Charles Nelson said he envisions a global chain with one store in each of the top 30 markets in the United States, as well as international expansion.

Sprinkles cupcakes, each elegantly decorated with the brand’s signature candy dot, are priced at $3.25 each, or a dozen for $36.

Like Pinkberry and Red Mango, the brand has been fueled by celebrity endorsements and the gushing coverage by glossy magazines and television talk shows.

Sales and traffic counts so far this year have been flat, Charles Nelson said, but those results are very positive in today’s economy.

“Our belief is that people still have birthdays and special celebrations,” he said, “and we’re so grateful that people have spent their discretionary income with us.”

Other cupcake players are tinkering with the formula to offer added value.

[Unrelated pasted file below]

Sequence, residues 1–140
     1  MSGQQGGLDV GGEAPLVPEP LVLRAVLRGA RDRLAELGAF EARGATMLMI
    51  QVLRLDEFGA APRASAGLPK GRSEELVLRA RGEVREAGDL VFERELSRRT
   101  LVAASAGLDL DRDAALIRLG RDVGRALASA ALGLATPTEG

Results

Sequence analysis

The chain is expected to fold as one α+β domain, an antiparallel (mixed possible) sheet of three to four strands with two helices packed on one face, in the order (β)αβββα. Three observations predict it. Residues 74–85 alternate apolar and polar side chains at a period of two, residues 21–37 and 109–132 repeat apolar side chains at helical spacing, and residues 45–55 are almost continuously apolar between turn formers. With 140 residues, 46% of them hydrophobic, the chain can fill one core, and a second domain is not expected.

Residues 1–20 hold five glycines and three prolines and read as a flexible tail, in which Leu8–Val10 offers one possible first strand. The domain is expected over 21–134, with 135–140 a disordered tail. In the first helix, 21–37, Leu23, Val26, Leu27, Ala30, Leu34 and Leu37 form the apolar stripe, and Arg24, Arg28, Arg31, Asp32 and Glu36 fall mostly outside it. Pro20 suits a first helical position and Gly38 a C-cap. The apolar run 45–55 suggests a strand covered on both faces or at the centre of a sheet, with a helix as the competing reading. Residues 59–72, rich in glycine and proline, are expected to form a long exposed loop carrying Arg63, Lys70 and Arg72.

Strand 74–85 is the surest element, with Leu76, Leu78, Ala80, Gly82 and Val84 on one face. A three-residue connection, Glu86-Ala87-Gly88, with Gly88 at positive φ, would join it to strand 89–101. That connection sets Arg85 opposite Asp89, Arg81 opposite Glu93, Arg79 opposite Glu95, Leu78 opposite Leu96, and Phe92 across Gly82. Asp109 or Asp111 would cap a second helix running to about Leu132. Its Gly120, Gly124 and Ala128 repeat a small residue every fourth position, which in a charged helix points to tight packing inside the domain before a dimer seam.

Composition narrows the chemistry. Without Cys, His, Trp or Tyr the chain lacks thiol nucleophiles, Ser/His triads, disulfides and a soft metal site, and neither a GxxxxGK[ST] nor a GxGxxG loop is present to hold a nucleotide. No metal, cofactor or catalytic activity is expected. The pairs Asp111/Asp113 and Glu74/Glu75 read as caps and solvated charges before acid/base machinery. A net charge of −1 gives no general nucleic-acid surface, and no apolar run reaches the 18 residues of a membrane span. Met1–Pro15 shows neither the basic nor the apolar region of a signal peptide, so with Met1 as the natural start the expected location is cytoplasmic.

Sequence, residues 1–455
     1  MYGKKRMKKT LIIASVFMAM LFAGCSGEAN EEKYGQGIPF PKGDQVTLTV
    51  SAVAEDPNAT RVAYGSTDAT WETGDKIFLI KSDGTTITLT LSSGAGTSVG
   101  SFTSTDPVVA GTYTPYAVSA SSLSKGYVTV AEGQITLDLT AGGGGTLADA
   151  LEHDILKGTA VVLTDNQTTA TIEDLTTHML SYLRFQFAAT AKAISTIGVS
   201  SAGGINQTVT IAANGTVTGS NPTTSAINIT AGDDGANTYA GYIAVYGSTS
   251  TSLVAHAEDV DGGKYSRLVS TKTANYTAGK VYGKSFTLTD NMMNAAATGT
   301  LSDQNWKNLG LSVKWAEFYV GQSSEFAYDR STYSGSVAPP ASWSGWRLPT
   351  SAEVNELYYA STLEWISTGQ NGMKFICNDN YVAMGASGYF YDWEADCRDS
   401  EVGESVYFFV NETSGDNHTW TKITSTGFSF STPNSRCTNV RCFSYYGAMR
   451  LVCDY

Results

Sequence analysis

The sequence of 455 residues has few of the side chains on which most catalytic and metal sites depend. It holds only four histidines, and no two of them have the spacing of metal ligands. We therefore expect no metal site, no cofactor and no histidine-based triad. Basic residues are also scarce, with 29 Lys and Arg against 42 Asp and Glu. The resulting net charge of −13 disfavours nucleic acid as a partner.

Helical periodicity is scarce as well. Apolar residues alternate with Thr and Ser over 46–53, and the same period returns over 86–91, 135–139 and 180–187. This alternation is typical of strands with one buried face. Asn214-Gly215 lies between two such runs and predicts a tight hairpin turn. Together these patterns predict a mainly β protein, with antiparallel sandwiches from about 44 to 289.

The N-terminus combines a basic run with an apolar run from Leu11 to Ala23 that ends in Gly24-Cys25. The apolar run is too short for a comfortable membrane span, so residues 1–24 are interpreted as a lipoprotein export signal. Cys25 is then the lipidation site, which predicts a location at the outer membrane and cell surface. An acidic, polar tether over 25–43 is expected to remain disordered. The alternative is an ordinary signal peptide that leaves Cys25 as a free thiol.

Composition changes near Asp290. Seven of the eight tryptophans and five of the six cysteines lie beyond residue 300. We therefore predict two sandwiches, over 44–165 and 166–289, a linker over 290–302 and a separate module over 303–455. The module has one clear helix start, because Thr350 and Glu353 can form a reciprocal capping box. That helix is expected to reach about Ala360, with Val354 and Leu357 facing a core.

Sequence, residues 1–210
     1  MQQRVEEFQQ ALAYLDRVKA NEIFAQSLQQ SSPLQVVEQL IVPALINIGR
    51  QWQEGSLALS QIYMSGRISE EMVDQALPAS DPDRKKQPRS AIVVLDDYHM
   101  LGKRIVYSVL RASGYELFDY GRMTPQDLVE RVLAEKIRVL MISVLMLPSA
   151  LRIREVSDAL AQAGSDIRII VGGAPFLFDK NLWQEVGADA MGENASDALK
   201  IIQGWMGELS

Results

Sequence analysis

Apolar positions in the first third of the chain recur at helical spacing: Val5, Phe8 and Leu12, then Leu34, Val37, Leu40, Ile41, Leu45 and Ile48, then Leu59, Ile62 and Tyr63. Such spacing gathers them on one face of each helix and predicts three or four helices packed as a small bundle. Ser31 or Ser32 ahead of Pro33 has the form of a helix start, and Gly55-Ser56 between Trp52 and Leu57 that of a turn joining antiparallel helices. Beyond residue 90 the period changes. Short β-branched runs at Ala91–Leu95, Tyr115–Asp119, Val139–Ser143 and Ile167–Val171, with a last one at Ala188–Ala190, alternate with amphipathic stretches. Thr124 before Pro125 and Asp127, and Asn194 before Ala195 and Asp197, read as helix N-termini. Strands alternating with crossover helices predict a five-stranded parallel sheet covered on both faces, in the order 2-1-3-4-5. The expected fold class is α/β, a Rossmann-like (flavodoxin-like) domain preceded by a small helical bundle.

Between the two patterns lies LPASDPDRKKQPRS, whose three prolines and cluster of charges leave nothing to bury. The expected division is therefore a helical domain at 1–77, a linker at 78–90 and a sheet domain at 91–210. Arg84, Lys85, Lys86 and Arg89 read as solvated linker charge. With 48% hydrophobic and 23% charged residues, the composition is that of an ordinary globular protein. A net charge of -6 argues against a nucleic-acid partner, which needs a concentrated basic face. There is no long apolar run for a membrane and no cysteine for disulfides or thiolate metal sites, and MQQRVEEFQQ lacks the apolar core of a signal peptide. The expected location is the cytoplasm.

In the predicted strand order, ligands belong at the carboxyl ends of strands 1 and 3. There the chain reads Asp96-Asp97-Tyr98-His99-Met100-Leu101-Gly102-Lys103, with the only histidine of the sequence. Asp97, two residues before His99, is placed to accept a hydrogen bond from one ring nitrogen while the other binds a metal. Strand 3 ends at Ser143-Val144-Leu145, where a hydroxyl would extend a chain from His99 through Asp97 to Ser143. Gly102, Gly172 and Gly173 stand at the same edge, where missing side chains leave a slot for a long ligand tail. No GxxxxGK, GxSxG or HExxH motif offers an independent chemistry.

Connie Barham, daughter-in-law of the founder of the 103-unit Hot Dog on a Stick [7] chain, launched CB’s Cupcakes last fall, just as the economy took a nosedive. Within just a few months, Barham has opened three locations in the Southern California towns of La Jolla, Temecula and Glendale.

CB’s Cupcakes are in mall or shopping center locations. Cupcake options range from $1.75 mini cupcakes to oversized muffin-style cupcakes for $3.50. The cupcakes are made-to-order, allowing guests to choose their cake flavor, icing and decorations.

The company also offers “cupcake parties,” either in stores or in homes, during which guests can frost and decorate their own cupcakes for one hour at $15 per person.

Barham said she is “almost breaking even” in one location and expects to make a profit within two or three months.

“Unfortunately, we pursued this right when the economy tanked, but I think if we can hold on, I think we can do it,” Barham said.

“I think people are cautious [about spending] but no one is saying it’s too expensive,” she added. “A cupcake is happy food. It’s comforting. They may not be buying larger ticket items, but they’ll still buy a cupcake.”